New Dinosaur|jon_downes||05/10/05 at 13:07:09|jon_downes|xx|0||CHICAGO (Reuters) - A fossil found in South Dakota is that of a never
before seen species of dinosaur, a horse-sized plant eater with spikes
on its bony flat head, scientists said on Monday.
"When my colleagues saw a CAT scan of the new fossil, they tore up their
family tree diagrams and said, 'Back to the drawing board!' ... We never
suspected such a creature existed," said paleontologist Robert Bakker.

Discovery of the flat-headed member of the pachycephalosaur family
changes the view of dinosaur history during the final days of the
Cretaceous Period 66 million years ago, showing that family trees were
still evolving even as the entire dinosaur world was about to go
extinct, the Children's Museum of Indianapolis said in announcing the find.

The nearly complete pachycephalosaur skull was donated to the museum by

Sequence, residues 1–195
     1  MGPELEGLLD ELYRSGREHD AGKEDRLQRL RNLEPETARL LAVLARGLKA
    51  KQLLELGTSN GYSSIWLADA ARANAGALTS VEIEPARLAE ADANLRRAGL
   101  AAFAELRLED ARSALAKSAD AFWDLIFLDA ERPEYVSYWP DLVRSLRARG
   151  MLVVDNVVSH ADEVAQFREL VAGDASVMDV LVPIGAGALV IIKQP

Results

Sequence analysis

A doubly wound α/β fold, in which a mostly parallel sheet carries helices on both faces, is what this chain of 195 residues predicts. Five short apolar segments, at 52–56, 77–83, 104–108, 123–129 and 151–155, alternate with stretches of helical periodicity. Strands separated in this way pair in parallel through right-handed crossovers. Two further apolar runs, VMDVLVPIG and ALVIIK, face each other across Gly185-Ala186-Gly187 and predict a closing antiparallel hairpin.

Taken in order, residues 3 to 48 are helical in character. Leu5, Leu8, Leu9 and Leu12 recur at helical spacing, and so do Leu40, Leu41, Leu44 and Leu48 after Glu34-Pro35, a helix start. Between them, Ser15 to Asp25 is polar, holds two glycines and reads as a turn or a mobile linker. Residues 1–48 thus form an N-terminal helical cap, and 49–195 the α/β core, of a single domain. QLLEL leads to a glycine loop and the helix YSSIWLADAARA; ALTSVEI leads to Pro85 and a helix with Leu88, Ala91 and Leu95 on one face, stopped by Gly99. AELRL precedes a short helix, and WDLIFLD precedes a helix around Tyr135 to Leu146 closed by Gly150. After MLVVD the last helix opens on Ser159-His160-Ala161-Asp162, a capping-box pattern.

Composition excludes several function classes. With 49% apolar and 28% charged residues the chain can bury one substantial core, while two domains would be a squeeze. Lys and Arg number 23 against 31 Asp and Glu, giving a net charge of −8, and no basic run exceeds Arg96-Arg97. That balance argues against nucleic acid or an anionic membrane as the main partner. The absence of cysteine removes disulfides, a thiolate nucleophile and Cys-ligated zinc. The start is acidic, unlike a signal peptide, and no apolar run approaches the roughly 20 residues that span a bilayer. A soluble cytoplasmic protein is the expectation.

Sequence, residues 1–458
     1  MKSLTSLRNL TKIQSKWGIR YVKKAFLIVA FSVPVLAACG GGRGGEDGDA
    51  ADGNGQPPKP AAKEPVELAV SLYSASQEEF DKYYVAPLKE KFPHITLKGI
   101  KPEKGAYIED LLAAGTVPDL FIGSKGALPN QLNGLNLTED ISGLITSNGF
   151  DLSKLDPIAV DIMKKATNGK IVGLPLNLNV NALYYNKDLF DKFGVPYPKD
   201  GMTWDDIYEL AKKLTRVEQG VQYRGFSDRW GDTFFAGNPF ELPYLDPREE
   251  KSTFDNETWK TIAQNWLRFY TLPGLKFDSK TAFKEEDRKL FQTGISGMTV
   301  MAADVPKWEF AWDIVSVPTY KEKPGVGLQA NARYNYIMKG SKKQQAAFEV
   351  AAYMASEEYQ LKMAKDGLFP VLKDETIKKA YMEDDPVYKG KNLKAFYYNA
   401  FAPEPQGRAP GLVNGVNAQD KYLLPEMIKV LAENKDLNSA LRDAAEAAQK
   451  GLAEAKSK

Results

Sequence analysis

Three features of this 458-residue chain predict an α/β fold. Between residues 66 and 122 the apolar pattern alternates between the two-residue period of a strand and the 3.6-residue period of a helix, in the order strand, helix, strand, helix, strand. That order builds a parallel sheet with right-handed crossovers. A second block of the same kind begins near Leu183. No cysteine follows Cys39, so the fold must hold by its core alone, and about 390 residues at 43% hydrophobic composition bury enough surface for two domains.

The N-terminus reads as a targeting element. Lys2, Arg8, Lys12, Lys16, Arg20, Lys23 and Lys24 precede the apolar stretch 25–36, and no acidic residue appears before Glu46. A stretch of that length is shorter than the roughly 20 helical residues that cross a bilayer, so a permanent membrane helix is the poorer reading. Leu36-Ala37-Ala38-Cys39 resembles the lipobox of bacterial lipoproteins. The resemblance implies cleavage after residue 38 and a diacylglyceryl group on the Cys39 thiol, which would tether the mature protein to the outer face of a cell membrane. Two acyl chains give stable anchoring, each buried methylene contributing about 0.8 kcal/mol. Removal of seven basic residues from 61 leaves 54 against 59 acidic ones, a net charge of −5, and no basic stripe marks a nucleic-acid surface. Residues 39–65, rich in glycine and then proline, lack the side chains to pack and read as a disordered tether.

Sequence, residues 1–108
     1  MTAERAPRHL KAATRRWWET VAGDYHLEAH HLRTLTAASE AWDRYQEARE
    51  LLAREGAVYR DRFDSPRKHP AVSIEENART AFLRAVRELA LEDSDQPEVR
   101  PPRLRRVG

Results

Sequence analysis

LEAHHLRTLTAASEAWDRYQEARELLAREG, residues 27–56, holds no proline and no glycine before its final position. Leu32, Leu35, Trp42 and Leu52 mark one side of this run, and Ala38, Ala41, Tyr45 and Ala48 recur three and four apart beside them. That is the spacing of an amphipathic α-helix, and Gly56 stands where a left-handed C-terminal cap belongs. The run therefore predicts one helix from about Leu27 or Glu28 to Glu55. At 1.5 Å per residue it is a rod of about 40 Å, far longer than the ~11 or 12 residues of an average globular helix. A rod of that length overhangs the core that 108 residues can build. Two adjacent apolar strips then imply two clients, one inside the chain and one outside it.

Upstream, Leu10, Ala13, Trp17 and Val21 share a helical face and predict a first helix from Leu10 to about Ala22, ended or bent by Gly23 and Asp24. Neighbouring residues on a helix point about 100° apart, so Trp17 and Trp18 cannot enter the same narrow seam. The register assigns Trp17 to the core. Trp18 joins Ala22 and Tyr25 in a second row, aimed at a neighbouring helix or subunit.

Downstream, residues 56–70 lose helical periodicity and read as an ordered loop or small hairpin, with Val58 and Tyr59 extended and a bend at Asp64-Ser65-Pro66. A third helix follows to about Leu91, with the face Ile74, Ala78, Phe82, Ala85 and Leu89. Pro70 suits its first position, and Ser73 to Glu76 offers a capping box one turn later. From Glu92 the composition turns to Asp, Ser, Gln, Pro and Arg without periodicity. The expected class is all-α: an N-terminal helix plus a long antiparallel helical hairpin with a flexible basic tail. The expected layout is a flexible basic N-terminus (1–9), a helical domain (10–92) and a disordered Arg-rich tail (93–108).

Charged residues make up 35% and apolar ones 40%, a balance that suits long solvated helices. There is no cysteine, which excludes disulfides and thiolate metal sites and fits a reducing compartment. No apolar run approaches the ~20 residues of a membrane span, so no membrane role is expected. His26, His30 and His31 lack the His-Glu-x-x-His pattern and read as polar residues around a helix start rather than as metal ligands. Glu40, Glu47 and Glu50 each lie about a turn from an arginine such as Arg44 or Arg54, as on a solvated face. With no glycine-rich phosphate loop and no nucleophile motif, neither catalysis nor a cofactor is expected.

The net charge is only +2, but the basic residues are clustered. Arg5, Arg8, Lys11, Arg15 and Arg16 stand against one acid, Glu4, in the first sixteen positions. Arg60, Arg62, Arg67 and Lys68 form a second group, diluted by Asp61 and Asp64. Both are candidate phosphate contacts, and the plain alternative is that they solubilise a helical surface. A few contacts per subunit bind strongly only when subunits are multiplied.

three amateur fossil hunters from Iowa who found it in 2003 while
exploring the Hell Creek Formation in central South Dakota.

The discovery was announced in Indianapolis in conjunction with the
annual meeting of the American Association of Museums.

The museum said the pachycephalosaur family is marked by dragon-like
heads covered with horns, knobs and bumps. The most famous family
member, Pachycephalosaurus, had a solid, domed bone helmet up to eight
inches (20 cm) thick used to ram other dinosaurs in their sides, it said.

The new species has a flat head with no bone dome. The only other
flat-headed pachycephalosaurs discovered were found in China and
Mongolia but all of those had had short muzzles and no long horns
anywhere on the skull, the announcement said.

The pachycephalosaurs in general all had massive necks and could inflict
significant "blunt force trauma" on other dinosaurs, Bakker said.

"This new species ... likely pressed their foreheads together and shoved
one another really hard," he added.

The museum, billed as the largest of its kind in the United States, said
the fossil would become part of its dinosaur exhibit.